HARLINGEN — Anywhere Rio Hondo senior Jabez Villarreal could put up shots growing up, he would — whether it was at the Rio Hondo Baptist Church gymnasium near his home or an outdoor court like Harlingen’s Pendleton Park.
“I put in so much work since Day 1 before high school to get to this level that I’m at right now,” Villarreal said. “It wasn’t easy to have the work ethic to want to be working hard at a sport that you love. It took a lot of hard work and blood, sweat and tears to get to where I am right now.”
In 30 games, Villarreal averaged 18.1 points per game, a mark that was good for 10th among all players in Class 4A of the University Interscholastic League. He also tallied 78 assists, good for second-best on this year’s Bobcats squad.
For his part in helping guide Rio Hondo back to the playoffs following a six-year drought, he is the Valley Morning Star’s 2019-20 All-STAR Offensive Player of the Year.
Villarreal scored 28 points to go along with seven rebounds and three assists in a marquee 51-50 non-district victory over San Benito on Dec. 6, 2019.
He registered 11 double-doubles, recording a season-high in both points and rebounds — 35 and 16, respectively — in a blowout win over La Joya Juarez-Lincoln on Dec. 14, 2019.
In what many around Rio Hondo described as the most consequential game of the District 32-4A slate, Villarreal delivered a line of 27 points, 11 rebounds, two blocks and two assists to lead his team to a 62-58 victory Jan. 17 at Port Isabel.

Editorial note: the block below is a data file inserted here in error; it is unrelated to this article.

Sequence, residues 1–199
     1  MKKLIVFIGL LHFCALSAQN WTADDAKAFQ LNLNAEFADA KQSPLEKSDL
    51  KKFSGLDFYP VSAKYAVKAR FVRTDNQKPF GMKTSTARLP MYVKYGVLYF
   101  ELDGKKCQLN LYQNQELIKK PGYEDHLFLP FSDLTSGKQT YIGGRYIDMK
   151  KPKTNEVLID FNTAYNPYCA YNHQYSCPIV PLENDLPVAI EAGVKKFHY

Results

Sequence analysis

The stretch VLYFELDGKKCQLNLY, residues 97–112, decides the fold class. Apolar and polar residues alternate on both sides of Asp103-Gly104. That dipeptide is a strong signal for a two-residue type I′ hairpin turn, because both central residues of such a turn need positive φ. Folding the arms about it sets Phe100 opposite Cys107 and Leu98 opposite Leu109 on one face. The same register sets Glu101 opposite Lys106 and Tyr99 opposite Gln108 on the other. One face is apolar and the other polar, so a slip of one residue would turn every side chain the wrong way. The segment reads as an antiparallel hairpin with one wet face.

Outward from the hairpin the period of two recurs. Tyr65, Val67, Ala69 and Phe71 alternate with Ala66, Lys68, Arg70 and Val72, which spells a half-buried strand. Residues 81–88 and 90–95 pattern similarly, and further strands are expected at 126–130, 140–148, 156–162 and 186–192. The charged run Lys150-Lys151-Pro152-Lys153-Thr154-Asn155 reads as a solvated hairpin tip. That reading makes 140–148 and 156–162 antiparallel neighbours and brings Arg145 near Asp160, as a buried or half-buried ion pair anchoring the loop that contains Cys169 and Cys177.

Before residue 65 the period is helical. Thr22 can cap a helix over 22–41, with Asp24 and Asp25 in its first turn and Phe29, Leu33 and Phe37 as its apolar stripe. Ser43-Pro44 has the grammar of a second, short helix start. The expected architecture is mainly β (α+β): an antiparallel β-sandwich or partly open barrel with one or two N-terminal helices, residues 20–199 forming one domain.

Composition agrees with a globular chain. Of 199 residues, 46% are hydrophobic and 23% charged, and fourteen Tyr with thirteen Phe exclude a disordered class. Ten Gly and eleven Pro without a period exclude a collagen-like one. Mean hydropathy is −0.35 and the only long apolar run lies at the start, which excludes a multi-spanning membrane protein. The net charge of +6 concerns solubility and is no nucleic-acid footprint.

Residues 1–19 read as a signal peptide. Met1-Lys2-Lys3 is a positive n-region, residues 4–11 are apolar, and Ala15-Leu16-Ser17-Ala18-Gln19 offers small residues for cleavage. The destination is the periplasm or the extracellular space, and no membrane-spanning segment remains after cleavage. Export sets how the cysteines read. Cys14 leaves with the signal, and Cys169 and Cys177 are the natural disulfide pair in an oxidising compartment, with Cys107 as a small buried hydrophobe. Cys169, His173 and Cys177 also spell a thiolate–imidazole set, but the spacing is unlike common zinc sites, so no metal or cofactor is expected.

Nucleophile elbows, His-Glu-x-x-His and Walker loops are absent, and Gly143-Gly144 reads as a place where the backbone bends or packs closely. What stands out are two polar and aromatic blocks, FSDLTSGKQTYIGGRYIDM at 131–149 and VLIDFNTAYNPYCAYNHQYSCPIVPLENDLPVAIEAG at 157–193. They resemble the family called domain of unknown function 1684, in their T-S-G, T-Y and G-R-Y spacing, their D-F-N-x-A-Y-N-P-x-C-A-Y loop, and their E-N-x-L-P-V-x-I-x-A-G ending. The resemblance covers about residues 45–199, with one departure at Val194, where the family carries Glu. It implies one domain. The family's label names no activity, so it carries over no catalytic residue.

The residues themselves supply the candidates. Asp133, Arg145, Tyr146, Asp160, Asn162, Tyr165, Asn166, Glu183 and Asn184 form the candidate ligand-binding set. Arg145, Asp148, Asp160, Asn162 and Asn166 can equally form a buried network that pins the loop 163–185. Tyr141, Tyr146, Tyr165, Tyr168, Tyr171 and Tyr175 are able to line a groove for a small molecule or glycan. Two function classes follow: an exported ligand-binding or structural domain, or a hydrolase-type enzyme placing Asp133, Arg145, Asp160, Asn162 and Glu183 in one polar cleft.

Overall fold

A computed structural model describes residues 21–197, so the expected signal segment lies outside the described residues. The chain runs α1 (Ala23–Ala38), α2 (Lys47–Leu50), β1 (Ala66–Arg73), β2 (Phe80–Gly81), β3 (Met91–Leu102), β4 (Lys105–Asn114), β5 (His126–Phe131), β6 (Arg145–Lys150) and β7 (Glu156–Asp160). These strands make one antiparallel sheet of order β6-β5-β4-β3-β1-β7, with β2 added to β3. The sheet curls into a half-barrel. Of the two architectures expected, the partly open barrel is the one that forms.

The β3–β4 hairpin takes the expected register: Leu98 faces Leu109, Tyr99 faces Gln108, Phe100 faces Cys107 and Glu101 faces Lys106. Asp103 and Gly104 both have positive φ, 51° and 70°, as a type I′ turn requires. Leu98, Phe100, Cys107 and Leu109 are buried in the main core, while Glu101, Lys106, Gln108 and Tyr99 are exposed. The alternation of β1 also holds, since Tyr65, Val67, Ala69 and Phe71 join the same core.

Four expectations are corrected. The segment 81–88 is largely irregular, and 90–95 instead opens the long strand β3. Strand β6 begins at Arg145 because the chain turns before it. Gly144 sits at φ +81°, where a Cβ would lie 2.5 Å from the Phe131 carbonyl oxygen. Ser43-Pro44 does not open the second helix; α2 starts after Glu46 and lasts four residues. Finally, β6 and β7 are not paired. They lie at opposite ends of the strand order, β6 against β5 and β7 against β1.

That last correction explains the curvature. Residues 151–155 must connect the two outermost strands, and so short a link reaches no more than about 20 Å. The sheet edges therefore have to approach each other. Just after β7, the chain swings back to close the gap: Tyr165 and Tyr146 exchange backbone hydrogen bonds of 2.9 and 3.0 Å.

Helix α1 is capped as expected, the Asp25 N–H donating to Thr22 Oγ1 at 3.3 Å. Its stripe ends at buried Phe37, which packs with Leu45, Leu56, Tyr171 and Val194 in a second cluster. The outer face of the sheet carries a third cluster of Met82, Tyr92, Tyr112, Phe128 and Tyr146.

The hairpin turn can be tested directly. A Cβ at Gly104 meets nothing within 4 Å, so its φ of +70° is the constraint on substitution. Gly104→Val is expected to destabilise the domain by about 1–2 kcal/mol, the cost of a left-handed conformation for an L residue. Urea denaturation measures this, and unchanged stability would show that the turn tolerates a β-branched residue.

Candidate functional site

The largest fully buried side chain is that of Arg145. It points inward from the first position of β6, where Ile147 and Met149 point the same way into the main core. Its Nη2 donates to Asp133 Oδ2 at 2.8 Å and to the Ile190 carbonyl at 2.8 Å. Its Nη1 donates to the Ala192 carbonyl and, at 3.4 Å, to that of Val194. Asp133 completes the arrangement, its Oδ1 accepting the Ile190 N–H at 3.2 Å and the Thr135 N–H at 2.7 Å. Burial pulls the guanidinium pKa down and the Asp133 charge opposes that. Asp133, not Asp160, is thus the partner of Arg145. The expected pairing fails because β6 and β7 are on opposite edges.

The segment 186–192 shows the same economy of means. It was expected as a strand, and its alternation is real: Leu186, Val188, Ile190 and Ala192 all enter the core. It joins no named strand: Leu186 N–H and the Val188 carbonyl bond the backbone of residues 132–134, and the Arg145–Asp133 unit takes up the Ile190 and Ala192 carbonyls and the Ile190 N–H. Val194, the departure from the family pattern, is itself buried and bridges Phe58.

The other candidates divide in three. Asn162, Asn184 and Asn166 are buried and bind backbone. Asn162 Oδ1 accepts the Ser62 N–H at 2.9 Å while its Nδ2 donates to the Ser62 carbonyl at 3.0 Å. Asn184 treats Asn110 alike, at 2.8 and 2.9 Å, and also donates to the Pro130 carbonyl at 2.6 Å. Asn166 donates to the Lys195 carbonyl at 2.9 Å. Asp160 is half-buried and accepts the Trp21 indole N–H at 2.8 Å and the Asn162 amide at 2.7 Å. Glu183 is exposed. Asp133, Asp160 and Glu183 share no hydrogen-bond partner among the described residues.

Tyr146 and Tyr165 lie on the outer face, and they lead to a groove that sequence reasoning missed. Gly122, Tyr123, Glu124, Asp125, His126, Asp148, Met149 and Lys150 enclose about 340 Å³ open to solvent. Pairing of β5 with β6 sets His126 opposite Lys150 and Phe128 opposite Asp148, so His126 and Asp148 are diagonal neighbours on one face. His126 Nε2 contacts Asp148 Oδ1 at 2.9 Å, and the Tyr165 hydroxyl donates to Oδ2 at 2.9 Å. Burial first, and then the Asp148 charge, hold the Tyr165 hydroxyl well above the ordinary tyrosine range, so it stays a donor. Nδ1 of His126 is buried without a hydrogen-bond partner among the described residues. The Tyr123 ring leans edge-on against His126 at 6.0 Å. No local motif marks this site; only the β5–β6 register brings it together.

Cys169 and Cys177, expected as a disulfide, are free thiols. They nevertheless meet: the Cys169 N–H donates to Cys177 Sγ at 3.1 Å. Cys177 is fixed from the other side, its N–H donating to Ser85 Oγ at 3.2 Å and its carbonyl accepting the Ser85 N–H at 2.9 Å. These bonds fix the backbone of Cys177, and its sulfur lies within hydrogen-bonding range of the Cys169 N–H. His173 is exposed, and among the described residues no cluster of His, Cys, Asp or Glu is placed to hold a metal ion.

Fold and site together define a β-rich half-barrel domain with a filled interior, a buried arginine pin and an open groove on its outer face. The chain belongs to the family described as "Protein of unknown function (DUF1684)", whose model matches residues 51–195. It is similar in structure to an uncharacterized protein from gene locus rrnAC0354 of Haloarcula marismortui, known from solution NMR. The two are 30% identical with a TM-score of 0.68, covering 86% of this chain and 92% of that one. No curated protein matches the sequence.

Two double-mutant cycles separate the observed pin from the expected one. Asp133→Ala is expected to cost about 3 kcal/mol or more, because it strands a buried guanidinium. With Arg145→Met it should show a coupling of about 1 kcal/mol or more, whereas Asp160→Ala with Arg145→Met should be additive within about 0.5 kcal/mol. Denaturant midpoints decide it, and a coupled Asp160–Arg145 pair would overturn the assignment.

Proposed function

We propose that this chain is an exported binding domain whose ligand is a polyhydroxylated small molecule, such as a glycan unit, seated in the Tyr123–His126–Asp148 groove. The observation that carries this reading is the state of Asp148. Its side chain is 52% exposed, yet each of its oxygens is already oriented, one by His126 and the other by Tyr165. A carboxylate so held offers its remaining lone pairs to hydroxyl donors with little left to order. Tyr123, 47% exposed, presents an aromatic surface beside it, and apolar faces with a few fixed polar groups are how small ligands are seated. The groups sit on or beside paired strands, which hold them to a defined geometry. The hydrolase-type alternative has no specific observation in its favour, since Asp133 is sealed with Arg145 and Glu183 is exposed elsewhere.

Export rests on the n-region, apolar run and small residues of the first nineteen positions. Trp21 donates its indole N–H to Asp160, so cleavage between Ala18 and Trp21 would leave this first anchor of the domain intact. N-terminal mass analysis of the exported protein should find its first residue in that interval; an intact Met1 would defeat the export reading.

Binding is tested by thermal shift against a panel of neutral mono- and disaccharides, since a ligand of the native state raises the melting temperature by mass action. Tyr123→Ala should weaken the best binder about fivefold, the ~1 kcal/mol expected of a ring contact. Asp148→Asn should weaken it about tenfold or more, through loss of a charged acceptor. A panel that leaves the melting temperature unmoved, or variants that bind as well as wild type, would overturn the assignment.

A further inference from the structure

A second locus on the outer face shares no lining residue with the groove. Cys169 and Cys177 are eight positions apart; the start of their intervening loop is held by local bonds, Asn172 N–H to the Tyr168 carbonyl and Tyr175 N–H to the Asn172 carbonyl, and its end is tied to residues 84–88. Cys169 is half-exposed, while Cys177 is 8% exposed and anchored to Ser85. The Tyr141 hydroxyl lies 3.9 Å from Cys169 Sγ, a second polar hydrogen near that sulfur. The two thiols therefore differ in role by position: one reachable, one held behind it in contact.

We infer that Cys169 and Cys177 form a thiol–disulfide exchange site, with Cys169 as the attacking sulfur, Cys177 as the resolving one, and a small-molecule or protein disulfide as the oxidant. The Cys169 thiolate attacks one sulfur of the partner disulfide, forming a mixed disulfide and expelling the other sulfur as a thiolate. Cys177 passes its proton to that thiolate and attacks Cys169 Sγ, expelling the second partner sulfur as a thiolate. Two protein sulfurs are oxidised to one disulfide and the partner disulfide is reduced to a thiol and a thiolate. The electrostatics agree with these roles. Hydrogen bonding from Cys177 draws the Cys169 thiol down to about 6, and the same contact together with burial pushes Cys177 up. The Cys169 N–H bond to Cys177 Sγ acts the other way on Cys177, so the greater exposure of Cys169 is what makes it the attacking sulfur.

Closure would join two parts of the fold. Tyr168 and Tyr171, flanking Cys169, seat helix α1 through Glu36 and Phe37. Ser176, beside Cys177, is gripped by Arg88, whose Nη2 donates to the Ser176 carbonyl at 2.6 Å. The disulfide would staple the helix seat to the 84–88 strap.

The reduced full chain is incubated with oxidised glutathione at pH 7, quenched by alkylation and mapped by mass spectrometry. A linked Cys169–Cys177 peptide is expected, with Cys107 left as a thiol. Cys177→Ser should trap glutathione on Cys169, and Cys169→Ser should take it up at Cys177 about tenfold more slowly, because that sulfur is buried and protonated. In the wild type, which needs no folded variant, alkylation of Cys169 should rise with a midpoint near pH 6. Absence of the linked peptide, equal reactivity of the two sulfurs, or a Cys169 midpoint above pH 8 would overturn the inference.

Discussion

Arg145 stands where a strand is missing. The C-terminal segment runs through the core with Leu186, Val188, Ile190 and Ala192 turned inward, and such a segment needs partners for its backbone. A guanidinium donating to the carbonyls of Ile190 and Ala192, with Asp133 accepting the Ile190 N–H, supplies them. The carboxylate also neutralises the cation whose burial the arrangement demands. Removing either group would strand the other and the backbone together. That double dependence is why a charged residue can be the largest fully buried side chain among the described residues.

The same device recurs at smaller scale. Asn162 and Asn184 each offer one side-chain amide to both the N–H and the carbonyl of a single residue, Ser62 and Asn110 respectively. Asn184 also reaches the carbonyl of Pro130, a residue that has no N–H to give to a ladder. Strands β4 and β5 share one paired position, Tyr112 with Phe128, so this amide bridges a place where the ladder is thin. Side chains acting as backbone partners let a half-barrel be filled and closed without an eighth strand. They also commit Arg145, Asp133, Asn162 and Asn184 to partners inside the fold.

Bobcats coach Mike Alvarez, who was an assistant coach during Villarreal’s first two seasons, observed the potential of his star player from the start of his high school career.
“I knew Jabez had a lot of talent when he competed (in summer tournaments against bigger schools), Alvarez said. “Having him helped propel our team toward being successful.”
Alvarez helped to unlock Villarreal’s full offensive capabilities as a passer who could spread the floor, having already established himself as a knock-down midrange shooter who could attack the rim.
“(The breakthrough was) when he realized he needed to get others involved,” Alvarez said. “And in turn, that would get him shots. I think that’s what enabled him to be more of an offensive threat. Because he can put the ball in the hoop at any time.”
As a result, Villarreal learned how to be more effective playing without the ball, becoming a more active rebounder. He led the Bobcats on the glass, with 255 boards.
When he looks back upon his high school career, Villarreal will have checked off several boxes that represented longtime personal and collective goals.
“Definitely making the playoffs and having a 20-win season,” Villarreal said. “Throughout my four years of high school, we had always had our season cut short, and we were just a couple games away (from qualifying for the postseason). So that was good for us to be able to remember that.”